Error messageUser error: Failed to connect to memcache server: 192.168.121.110:11211 in dmemcache_object() (line 447 of /var/www/drupal7-2015-FLORAHOTFIXONE/profiles/all/modules/contrib/memcache/dmemcache.inc).
Thu October 20, 2011
Earthquake In South Texas: Fracking Fluid at Fault?
A 4.8 magnitude earthquake struck an area of South Texas today that is a center point for natural gas and oil production in the Eagle Ford Shale. The quake’s epicenter was here in the unincorporated community of Campbellton in Atascosa County near Karnes County. You can see numerous wells in the county in this map from the Texas Railroad Commission. (Note: An earlier version of this story incorrectly placed the epicenter in Karnes County.)
A University of Texas seismologist says hydraulic fracturing itself does not cause earthquakes. But he says earthquakes have been associated with the disposal of fracking fluids.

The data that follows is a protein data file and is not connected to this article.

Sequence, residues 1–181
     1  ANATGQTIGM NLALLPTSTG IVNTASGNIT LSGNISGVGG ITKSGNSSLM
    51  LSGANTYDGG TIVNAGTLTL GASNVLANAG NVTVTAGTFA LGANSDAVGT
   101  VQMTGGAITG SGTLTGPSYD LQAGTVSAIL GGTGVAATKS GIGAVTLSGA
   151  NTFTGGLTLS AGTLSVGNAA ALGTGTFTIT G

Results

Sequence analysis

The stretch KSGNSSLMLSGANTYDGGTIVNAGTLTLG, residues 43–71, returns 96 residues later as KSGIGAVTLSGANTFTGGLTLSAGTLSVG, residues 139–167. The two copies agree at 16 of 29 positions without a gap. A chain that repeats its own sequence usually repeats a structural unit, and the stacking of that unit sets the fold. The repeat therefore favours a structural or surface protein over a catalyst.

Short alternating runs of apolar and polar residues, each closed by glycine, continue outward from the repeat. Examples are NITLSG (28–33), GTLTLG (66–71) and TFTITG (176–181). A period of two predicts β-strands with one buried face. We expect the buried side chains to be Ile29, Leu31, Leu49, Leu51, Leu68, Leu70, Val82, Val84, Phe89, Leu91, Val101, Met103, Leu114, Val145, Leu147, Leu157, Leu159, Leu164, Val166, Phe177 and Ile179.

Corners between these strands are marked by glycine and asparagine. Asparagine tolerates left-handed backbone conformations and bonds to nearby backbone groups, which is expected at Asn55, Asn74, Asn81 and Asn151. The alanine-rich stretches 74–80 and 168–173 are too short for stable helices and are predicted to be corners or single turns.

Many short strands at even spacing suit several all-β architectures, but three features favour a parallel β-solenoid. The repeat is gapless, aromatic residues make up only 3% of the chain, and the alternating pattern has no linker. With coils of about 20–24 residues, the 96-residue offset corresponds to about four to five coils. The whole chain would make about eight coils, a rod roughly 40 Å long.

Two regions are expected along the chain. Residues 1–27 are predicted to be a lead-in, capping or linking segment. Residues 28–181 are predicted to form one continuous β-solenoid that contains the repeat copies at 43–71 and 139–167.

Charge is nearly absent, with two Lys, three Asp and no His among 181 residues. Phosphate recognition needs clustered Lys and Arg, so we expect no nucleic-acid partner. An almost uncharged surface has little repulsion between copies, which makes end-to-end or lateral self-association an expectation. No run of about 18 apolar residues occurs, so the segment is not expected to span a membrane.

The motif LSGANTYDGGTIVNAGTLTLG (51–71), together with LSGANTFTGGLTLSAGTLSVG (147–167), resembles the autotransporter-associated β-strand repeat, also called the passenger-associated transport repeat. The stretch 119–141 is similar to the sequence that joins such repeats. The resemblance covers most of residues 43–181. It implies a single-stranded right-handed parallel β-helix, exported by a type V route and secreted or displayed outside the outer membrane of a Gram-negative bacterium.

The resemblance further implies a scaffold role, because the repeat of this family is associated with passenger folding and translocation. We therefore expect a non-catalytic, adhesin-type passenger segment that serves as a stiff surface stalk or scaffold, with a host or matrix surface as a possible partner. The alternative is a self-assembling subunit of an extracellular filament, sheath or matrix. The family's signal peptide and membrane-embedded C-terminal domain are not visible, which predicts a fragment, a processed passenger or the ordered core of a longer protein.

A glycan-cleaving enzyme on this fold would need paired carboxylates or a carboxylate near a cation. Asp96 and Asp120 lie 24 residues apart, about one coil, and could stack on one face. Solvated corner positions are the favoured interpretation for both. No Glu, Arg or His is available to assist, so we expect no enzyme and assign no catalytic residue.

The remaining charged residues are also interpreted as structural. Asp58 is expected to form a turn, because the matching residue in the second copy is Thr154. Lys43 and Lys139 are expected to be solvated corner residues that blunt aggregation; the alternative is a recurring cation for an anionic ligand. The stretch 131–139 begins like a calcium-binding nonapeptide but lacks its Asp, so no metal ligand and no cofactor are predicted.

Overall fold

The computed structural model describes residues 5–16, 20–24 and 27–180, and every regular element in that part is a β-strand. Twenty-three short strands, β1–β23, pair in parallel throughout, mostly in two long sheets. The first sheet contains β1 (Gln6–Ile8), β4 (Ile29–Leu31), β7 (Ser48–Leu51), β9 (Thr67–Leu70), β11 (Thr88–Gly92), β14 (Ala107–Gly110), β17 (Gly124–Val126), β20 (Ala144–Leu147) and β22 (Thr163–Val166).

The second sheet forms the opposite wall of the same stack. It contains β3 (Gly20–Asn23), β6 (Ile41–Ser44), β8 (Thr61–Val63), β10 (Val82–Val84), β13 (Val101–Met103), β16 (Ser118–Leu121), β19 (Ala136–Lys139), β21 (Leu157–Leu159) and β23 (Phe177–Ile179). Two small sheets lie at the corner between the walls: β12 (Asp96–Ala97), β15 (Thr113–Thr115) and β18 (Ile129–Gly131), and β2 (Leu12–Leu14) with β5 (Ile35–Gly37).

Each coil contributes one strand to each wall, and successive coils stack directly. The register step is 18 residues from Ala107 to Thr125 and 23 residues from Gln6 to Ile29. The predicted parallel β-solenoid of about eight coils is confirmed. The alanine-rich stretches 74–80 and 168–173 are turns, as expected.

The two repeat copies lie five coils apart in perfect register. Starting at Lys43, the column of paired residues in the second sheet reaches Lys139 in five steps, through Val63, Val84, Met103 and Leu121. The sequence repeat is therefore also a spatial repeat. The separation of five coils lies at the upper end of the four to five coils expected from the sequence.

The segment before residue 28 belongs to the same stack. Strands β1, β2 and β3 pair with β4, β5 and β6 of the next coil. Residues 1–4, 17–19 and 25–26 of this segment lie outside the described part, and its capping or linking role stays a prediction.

“They [drilling companies] pump the water back into the ground into a deep aquifer to get rid of it,” earthquake researcher Cliff Frohlich at UT’s Institute for Geophysics told KUT News.
“The quakes have been associated with the pumping of water back into the ground, not the producing of the gas,” he said, pointing to seismic activity in North Texas and in Arkansas.
In September, Arkansas banned the use of deep wells to store waste water. StateImpact Pennsylvania points to a study by Southern Methodist University and UT that linked small earthquakes in the North Texas Barnett Shale with the practice, and says the Army Corps of Engineers has expressed concern about drilling for natural gas near dams.
But Frohlich says it’s too soon to say if waste water disposal activities were related to today’s 4.6 magnitude quake in South Texas. “That’s a question,” he said.
The area southeast of San Antonio has felt earthquakes before. There was a 4.3 magnitude earthquake in 1993 near the same location, and there have been smaller quakes recorded back to the 1970s, Frohlich said.